Derek Jarman plaque unveiled
Derek Jarman, the much-loved artist, film director and activist has been commemorated with an Islington People’s Plaque at start of LGBT History Month.
Renowned for directing films such as Sebastiane (1976), Caravaggio (1986) and The Garden (1990), Derek Jarman was also a stage and costume designer, author and gardener. He was outspoken about homosexuality and an advocate for queer rights and HIV/AIDS awareness.
In a ceremony timed to coincide with the beginning of LGBT History Month, the plaque was unveiled at 60 Liverpool Road by actress and singer Toyah Willcox, a friend of Jarman’s who worked with him on the film Jubilee (1978). 60 Liverpool Road is the site of Jarman’s former home (1967-69) in what was then a decaying Victorian house and artists’ cooperative. From his top floor studio, Jarman worked on his artwork and the stage and costume designs for both the Royal Opera House in 1967 and Sadler’s Wells Opera’s production of Don Giovanni in 1968.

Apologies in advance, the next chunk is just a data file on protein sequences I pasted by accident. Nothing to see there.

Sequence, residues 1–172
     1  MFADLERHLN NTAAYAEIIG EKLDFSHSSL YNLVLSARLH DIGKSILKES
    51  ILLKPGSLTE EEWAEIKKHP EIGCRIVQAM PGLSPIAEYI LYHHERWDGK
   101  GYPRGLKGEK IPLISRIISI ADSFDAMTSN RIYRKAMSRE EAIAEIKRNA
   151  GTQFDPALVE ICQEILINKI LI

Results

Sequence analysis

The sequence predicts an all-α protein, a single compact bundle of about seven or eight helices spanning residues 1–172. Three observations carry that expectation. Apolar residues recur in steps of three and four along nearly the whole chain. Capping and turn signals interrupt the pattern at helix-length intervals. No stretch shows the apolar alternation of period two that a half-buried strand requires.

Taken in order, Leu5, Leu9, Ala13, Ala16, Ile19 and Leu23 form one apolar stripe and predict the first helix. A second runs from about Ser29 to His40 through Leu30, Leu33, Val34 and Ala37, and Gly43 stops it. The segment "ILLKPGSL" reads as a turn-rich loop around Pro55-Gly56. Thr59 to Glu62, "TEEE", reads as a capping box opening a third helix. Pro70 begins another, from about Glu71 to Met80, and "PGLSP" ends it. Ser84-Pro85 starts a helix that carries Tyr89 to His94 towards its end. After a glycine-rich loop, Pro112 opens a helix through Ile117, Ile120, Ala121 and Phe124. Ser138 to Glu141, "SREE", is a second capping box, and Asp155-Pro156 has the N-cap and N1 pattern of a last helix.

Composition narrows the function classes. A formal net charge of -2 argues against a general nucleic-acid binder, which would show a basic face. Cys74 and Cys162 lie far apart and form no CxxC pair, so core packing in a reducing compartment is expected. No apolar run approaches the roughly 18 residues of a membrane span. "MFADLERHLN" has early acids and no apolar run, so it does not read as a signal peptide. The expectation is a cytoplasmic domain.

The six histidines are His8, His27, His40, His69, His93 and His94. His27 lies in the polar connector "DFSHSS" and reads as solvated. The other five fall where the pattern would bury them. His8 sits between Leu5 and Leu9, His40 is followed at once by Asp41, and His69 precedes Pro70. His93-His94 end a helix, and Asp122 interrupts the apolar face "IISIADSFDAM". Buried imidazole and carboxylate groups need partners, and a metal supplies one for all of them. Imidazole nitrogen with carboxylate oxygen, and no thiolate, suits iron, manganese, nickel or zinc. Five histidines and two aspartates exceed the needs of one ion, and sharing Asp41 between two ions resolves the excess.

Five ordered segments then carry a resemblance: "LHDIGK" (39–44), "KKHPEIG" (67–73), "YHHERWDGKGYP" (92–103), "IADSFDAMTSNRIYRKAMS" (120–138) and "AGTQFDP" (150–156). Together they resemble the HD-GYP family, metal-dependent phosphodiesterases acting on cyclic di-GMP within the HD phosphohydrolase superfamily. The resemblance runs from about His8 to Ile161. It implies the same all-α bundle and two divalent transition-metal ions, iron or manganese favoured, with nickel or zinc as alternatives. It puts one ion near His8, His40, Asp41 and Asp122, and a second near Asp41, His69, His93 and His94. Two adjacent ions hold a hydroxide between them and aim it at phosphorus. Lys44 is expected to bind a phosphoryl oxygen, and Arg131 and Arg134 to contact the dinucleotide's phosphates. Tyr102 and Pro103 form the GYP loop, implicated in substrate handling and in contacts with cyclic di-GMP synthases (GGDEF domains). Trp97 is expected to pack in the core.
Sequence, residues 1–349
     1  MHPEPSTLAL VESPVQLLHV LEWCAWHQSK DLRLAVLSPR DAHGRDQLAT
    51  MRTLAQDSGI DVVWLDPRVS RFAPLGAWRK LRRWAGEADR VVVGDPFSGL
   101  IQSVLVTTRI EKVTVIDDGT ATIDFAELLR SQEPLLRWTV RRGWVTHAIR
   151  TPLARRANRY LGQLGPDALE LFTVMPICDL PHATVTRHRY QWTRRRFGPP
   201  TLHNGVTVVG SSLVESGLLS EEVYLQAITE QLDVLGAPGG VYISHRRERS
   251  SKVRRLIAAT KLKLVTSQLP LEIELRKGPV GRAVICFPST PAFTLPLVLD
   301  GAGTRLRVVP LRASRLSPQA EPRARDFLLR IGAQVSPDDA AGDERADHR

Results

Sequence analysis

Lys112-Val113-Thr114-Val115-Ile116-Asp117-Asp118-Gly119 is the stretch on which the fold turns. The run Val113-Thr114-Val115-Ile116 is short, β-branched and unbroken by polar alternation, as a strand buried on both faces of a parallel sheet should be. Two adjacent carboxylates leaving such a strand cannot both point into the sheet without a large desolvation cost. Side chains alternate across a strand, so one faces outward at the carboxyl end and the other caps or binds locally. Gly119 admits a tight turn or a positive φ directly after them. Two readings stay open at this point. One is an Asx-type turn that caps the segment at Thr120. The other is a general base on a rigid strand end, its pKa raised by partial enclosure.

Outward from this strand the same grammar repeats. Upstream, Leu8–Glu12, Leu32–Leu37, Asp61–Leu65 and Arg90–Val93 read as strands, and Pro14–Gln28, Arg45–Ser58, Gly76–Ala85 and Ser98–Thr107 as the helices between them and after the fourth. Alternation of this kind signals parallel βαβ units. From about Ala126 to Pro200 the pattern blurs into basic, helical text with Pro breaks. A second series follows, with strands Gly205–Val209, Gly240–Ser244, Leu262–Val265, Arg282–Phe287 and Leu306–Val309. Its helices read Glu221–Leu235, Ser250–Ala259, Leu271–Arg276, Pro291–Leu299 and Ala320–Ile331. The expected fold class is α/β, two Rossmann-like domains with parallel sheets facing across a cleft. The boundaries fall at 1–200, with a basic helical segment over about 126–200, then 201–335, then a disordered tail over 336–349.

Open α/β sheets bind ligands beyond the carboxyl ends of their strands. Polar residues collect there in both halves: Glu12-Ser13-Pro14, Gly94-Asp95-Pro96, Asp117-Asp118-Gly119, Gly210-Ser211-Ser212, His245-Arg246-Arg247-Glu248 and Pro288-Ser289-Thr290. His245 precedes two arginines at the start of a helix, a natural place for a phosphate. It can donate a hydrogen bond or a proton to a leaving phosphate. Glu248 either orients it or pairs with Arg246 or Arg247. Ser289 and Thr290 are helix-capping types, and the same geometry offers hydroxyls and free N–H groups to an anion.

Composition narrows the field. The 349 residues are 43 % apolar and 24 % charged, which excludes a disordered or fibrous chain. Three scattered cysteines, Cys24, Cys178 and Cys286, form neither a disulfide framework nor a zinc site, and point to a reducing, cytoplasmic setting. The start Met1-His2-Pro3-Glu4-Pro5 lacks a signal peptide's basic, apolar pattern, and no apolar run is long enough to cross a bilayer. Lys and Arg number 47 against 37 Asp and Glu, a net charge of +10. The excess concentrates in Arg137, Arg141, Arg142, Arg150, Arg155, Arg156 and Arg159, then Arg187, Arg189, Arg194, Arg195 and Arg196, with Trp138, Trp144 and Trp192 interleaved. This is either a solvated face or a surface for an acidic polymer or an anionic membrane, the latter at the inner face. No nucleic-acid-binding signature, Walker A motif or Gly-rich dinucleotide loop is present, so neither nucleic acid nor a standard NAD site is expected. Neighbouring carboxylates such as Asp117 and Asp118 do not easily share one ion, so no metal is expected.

Derek Jarman later became a passionate supporter of queer rights and was closely involved in the campaign to repeal clause 28 of the Local Government Bill (1987), and to lower the age of consent for homosexuals. He is especially esteemed for discussing his HIV-positive status in public, and encouraging openness about the disease.
He died in St Bartholomew’s Hospital, London on 19 February 1994 of an AIDS-related illness at the age of 52.
Speakers at the unveiling ceremony included Islington Mayor Una O’Halloran, Jarman’s former partner Keith Collins, and journalist and writer Neil McKenna, a friend of Jarman’s and fellow LGBT activist.
“Derek’s heroism, his courage and intellectual precociousness was matched by a personality of enormous charm. He was more interested in other people than in himself,” said Mr McKenna.